By Herb Boyd, Special to the NNPA
NEW YORK (NNPA) – “Mine was a simple hunger,” John A. Williams said of his early desire to become a writer, “to know more than I then knew, and to set it down.” That simple hunger grew ravenous over the years and Williams wrote more than 20 books, including perhaps his most popular, The Man Who Cried I Am. Williams, 89, died July 3 in Paramus, N.J. according to a notice from Syracuse University, where he attended and earned degrees in English and journalism.
If he were not as well-known as many writers of the 1960s, he nevertheless had a loyal following among the radical intellectuals then – and now – and his essays, non-fiction books about Black history, journalism, and his novels were consistently rewarding and captured the essence of the flourishing Black arts movement.
He caused quite a stir when The Man Who Cried I Am was published. To promote the book, Williams excerpted the King Alfred Plan, a fictional plot by the CIA to eliminate Black people, made copies and placed them on the seats of subways in New York City. Readers were unaware of the ruse and believed the plan to be real.
Born in Jackson, Miss., Williams joined the Navy during World War II and used the GI Bill to complete his education at Syracuse. After a series of menial jobs, he began to seriously pursue a career as a writer, thanks to the portable typewriter given to him by his mother-in-law. “That was my life jacket,” he said.
Williams worked as public relations writer, copy editor, and hack journalism, as he called it, for numerous small publications and “girlie” magazines before landing assignments at Ebony, Jet, and, particularly Holiday magazine.
-At one point, he even tried to publish his own newsletter but that floundered and he worked as a grocery clerk, in a foundry, and practically any kind of employment to take care of his family.
Much of this period of his life, in the 1940s and 1950s, is vividly recounted in a chapter he did for Men On Divorce – The Other Side of the Story. “There had been occasions when my ‘Homies’ called me ‘The Writer,’ knifing deeply into the hunger I was only vaguely sure I had,” he wrote.
With his writing zipping along at a promising clip, his novel Night Song, about a talented musician akin to Charlie Parker, was impressive enough to earn him a Prix de Rome from the American Academy of Arts and Letters in 1962, but the prize was retracted following an interview with the Academy. Williams charged that they discovered he was Black and thereby rejected him. Portions of this rejection would be fictionalized in his books, most poignantly in The Man Who Cried I Am (1967).
Other early fiction was in 1960 with One for New York or The Angry Ones; three years later, he made a bigger splash with Sissie (1963). Each book depicted protagonists in battle with the system, struggling with racism and the obstacles nullifying their humanity.
In 1963, on the strength of his novels and articles, Holiday magazine sent him across America for him to gather his impressions of where the nation was on race relations in particular. This Is My Country, Too (1965) was the result. Beyond the Angry Black (1966), a collection of essays edited by Williams gave him further recognition on the literary scene.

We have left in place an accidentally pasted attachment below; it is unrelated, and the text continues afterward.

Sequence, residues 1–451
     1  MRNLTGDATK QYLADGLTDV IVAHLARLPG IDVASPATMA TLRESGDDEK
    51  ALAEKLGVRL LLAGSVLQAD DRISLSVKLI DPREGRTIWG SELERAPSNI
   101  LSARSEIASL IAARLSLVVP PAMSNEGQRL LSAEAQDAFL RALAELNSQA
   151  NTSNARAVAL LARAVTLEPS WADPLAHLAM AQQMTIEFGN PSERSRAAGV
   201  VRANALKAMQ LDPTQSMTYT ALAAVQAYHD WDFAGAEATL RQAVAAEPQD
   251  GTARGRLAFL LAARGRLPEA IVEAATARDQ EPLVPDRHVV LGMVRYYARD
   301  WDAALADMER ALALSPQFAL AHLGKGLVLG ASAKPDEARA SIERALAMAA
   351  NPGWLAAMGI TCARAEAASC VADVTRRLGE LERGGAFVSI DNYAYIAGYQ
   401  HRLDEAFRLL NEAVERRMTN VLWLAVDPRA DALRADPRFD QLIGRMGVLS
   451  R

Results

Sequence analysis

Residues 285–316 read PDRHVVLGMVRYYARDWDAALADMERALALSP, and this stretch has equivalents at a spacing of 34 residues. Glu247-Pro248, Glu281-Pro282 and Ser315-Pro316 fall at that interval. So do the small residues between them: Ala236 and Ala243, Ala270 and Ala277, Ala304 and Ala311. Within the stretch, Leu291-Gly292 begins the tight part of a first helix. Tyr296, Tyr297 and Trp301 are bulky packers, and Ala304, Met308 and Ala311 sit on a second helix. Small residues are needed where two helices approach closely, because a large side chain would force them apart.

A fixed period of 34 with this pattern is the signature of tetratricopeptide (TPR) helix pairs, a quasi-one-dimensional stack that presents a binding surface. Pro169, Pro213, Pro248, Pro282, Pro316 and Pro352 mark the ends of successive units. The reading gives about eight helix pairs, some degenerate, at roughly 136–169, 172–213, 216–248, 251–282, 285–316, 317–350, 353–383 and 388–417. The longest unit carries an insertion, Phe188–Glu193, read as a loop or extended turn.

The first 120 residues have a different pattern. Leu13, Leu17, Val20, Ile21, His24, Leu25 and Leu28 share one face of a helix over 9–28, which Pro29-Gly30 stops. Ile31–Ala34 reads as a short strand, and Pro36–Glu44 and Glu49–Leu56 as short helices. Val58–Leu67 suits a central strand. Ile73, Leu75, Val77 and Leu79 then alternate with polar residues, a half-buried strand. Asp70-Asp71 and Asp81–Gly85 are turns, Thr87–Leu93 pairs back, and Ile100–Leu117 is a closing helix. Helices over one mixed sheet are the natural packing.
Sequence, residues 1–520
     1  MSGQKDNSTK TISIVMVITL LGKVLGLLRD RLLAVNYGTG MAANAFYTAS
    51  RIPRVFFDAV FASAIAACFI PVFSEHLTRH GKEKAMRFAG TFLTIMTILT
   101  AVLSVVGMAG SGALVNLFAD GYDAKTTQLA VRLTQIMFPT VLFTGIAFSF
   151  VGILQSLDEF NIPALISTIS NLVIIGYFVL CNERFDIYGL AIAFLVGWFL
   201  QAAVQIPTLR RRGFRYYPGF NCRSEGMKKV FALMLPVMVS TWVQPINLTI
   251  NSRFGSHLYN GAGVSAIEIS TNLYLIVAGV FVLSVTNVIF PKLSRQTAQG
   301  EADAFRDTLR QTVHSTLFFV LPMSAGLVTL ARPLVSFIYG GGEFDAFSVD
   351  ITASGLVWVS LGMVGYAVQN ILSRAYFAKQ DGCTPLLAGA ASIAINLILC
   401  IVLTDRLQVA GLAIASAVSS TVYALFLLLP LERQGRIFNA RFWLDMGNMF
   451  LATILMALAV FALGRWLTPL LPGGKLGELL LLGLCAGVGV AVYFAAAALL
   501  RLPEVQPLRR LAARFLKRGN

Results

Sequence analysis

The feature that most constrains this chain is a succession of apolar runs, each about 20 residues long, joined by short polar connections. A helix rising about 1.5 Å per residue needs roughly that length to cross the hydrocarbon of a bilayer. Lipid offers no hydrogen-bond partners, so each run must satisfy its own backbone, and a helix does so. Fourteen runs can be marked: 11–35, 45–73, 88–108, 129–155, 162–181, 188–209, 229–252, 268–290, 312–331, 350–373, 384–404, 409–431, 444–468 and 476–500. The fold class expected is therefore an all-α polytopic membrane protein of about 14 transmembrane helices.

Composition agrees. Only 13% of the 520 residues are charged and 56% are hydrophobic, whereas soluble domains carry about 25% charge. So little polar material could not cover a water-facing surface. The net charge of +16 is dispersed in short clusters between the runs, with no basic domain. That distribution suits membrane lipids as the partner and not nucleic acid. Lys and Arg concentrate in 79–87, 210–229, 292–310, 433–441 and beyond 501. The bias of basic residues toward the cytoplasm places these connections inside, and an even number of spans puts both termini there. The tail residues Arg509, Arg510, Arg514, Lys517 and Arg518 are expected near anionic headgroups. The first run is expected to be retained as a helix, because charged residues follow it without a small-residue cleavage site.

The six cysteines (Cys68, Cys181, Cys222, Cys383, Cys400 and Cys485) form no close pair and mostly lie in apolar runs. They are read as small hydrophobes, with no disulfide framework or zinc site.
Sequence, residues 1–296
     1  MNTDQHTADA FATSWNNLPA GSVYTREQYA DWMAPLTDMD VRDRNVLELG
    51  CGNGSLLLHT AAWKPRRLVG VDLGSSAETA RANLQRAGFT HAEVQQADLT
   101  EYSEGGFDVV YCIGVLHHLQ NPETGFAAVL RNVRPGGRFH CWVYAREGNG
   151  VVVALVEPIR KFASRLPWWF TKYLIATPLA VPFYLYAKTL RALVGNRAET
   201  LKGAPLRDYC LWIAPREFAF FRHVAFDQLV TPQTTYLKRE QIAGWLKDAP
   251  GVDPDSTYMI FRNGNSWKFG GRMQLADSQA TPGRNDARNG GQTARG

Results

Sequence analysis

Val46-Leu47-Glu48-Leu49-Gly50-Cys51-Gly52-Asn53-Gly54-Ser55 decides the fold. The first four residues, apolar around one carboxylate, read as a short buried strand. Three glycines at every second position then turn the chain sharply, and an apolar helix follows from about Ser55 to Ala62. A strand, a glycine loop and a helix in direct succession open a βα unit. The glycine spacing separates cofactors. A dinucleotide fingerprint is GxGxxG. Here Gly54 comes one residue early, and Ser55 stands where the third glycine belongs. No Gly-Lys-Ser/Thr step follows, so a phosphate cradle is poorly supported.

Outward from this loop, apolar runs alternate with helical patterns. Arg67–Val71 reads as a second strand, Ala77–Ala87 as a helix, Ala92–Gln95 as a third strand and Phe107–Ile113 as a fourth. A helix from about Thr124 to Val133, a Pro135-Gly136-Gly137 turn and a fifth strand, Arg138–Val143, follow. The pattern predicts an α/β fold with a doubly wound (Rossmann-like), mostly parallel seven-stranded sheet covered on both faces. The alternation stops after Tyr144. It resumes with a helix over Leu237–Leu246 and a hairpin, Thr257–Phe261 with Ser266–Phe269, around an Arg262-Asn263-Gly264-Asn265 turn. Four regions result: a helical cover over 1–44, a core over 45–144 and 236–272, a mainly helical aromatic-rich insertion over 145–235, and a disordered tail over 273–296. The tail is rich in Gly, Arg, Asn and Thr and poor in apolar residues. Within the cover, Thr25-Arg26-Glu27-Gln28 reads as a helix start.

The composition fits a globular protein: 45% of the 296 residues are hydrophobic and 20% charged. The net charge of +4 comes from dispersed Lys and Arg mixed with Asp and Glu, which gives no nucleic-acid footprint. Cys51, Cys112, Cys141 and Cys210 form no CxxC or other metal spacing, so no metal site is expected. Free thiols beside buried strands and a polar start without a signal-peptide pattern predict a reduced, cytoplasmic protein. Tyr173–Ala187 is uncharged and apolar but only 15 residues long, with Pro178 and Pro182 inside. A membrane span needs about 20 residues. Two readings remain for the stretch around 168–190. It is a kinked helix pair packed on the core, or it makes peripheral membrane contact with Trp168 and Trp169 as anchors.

Several historical writers and activists are thinly disguised in The Man Who Cried I Am, specifically Malcolm X, Richard Wright, James Baldwin, and Dr. Martin Luther King, Jr. The main character is Max Reddick, whose life and activities mirrors those of the author.
Far less fictionalized but no less entertaining was Captain Blackman (1972) that basically chronicles American history and the prominent role of Blacks in the shaping of the nation.
In the 1980s, Williams added another genre to his creativity – playwright and librettist, though these attempts never really got the traction of his other pursuits. One of his books, The Junior Bachelor Society (1976), was made into a television movie.
Nothing was spared by Williams when it came to injustice and indifference. He targeted the publishing industry in !Click Song (1982), deftly sketching the travails of a struggling writer. This earned him he first of three American Book Awards.
His teaching career was almost as expansive as his writing, becoming a Regents’ Lecturer at the University of California, Santa Barbara, 1972; Distinguished Professor of English, LaGuardia Community College, City University of New York, 1973-78; visiting professor, University of Hawaii, Honolulu, Summer 1974, Boston University, 1978-79, and New York University, 1986-87. Professor of English, 1979-90, Paul Robeson Professor of English, 1990-94, and since 1994 professor emeritus, Rutgers University, Newark, N.J. Bard Center Fellow, Bard College, 1994-95. Member of the Editorial Board, Audience, Boston, 1970-72; contributing editor, American Journal, New York, 1972.
He was busy looking for a job and did not attend his graduation ceremony from Syracuse, but he was there when they presented him with an honorary doctorate. Williams retired in 1994 as the Paul Robeson Distinguished Professor of English at Rutgers University.
He is survived by his wife, Lorrain; sons Gregory, Dennis, and Adam; four grandchildren, and two great-grandchildren. And his sons have expressed that same hunger he had behind that portable typewriter.